Jesus is your means across the chasm into glory.

A little over 20 years ago, in 1999, Robbie Knievel jumped the Grand Canyon on a motorcycle.  Well, he actually jumped a sliver of the Grand Canyon, but still it was 231 feet wide – which is a lot, and it was still a canyon, hundreds of feet deep.

When I watched that, it reminded me of his father, Evel Knievel’s, attempt to jump the Snake River Canyon 25 years earlier – way back in September, 1974. That was 45 years ago.

Those stunts are famous because they were so dangerous. And as scary as jumping motorcycles may be, today’s parable is starker.  Scarier. It has my attention, I hope it has yours.  That is the point.

Is the chasm here the impossible divide between heaven and hell? Or is it about the chasm resident in the human heart? I think yes to both.

It is helpful to know to whom Jesus is speaking.  He is talking with Pharisees and building on the point we heard last week; that you cannot serve God and wealth. Just a couple of verses before this passage Luke tells us that the Pharisees were “lovers of money.”

It’s also important to note the nature of the sin illustrated in this parable.  Jesus didn’t say the rich man had actively done anything wrong.  He didn’t kick or hit Lazarus.  He didn’t mock him. He is consigned to hell because of what he didn’t do. He did not take any notice, day after day, of the human being suffering at his gate.  Even the dogs were showing more care. (A dog licking a wound is a care response, cleaning it.)

It’s not like he hadn’t been told. It’s not like he wasn’t aware. This wasn’t in the fine print, buried in pages of legal verbiage that you don’t even look at before you click “I accept.” This is fundamental to Israel’s covenant with God. Remember that Jesus summed up the law in two parts. The first part is to love the Lord your God with all your heart, all your mind and all your strength, which is essentially the first of the Ten Commandments, or better the first four. The second part is to love your neighbor as yourself.

Jesus’ teaching is not new.  Go back to the prophecy from Amos. Amos was sent to proclaim the Lord’s judgment against Israel because they had neglected the poor during a long era of prosperity. I love the term here – Amos is railing against “the loungers.”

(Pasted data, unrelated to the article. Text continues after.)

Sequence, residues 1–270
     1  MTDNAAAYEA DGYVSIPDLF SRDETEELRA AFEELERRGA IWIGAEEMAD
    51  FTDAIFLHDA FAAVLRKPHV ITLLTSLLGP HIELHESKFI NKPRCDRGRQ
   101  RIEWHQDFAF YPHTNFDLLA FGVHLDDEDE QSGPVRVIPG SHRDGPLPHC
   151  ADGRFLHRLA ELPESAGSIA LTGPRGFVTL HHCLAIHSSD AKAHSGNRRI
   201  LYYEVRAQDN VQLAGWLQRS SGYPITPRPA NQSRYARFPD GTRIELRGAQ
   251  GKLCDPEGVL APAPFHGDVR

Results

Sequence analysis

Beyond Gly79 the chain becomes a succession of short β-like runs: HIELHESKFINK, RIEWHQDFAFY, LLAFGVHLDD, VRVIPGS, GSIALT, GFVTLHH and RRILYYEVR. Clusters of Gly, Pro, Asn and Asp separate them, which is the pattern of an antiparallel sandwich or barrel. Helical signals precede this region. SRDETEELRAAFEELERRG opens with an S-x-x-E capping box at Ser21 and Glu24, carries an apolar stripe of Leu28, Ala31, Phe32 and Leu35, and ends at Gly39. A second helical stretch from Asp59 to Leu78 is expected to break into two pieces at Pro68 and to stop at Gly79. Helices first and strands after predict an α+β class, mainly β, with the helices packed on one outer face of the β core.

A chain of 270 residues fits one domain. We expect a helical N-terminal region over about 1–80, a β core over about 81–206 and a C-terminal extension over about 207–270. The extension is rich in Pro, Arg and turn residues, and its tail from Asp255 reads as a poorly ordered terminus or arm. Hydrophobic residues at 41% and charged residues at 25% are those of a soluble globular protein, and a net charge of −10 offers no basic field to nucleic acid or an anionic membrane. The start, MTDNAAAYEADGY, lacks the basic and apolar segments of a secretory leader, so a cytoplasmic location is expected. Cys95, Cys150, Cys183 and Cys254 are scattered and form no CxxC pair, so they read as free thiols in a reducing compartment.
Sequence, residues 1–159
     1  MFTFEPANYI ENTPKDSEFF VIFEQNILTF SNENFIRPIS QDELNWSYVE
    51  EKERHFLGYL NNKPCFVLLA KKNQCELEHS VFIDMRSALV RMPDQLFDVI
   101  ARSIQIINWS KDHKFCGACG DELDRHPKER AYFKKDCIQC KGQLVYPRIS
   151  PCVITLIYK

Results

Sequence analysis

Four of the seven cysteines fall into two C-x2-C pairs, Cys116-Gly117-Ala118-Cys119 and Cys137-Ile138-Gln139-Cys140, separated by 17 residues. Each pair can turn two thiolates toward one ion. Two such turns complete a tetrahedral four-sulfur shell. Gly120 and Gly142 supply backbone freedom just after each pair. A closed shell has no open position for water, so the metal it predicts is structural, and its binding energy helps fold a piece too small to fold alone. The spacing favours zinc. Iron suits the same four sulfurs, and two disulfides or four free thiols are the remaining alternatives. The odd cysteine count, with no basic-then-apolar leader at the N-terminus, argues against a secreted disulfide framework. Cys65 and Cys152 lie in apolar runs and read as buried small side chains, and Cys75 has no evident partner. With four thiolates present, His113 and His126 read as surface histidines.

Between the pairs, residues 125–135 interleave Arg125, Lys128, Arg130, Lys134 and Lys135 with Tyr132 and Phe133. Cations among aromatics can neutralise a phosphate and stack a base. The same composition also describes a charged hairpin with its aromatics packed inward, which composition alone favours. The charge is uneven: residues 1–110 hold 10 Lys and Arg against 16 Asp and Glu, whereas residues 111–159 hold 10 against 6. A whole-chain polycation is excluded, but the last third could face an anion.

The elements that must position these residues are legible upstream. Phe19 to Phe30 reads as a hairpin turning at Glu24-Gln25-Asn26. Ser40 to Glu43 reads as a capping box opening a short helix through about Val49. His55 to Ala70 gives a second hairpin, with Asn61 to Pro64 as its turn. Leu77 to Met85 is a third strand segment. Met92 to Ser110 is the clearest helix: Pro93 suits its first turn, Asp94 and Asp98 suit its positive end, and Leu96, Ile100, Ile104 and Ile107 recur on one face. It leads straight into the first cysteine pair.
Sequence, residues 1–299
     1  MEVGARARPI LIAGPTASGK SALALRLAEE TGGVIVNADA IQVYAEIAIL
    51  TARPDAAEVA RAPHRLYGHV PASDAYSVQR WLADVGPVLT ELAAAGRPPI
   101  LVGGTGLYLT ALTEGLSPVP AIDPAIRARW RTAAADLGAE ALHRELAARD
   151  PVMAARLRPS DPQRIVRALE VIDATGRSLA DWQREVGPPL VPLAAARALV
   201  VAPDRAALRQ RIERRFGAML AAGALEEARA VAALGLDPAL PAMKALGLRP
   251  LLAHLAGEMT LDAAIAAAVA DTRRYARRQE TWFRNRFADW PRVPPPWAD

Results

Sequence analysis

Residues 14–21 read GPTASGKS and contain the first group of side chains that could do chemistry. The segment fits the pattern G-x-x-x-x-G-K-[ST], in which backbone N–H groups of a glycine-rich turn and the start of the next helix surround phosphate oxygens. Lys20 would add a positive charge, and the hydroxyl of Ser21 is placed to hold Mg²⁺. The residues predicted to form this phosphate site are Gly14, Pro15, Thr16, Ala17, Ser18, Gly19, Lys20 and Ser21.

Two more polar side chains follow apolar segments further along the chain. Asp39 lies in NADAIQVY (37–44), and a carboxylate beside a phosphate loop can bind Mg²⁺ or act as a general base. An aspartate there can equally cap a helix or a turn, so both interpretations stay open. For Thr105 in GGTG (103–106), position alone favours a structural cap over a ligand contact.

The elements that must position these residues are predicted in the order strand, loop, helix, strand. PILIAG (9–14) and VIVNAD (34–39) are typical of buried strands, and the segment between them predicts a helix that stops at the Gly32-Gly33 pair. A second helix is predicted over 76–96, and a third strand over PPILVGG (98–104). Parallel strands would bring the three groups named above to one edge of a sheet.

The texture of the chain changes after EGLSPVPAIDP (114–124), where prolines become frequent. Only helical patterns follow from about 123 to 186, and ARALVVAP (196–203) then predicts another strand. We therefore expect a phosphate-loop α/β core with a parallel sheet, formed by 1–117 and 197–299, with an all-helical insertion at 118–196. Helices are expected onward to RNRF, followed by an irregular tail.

In economics, it’s called opportunity cost, which is the loss of potential gain from other alternatives when one alternative is chosen. Here, the loungers are choosing to lounge around instead of paying attention to the state of their community and nation. There’s nothing wrong with rest, nothing wrong with music and good food. We all need rest. We all enjoy a good meal. Those are blessings from God. But when that became their focus, it got way out of balance and they became culpably negligent. It’s like someone watching TV all day instead of cutting their grass week after week until code enforcement or the homeowners’ association or someone has to confront them.

The issue with this rich man isn’t money per se. Wealth and high income become a wonderful resource when placed under God’s grace. That increased capacity to fund ministry is an integral part of building the kingdom. God uses wealth all the time.

This parable is about that thing that most commonly creates a chasm between us and God: the love of money or anything else that distracts us from him and his commandments. So, let’s talk for a moment about love.

Love isn’t just a feeling. It’s an active, living thing. If that feeling is not driving you to demonstrate it consistently day by day in acts of care and compassion, then whatever you are feeling isn’t really love.

And that should get our attention. We most often focus on our active choices. But it also applies to our passive choices.  All sin – active and passive – is rooted in our focus. Either we are focused, or at least persistent in developing our capacity to focus first on God, or we are not.

To the extent that we are unable to bridge that gap, then whatever un-heavenly attitudes we have simply cannot enter the Kingdom of God. 

If you choose to serve wealth first, if wealth blinds you to responding actively to the suffering around you, even at your gate, you cannot get where God is calling you to be. And that is perhaps the subtlest of sins. We cannot say we didn’t know.  He just told us. He who did actually come back from the dead just told us.

There will come a time when our wealth will fail us, when we cannot buy another moment on this earth at any price.  There will come a time when our health will fail us, no matter how well we diet and exercise we won’t be able to manage another step.  There will come a time when our family and friends, though they may love us beyond measure, will not be able to keep us.

At that moment, do you want even a hint of a crack in the sidewalk, much less a chasm?

God doesn’t want you to wait for that moment.

Jesus isn’t merely restating the message in his own time, or even for all time.

He is himself the message.  He is himself the means.  He is himself the goal, the end.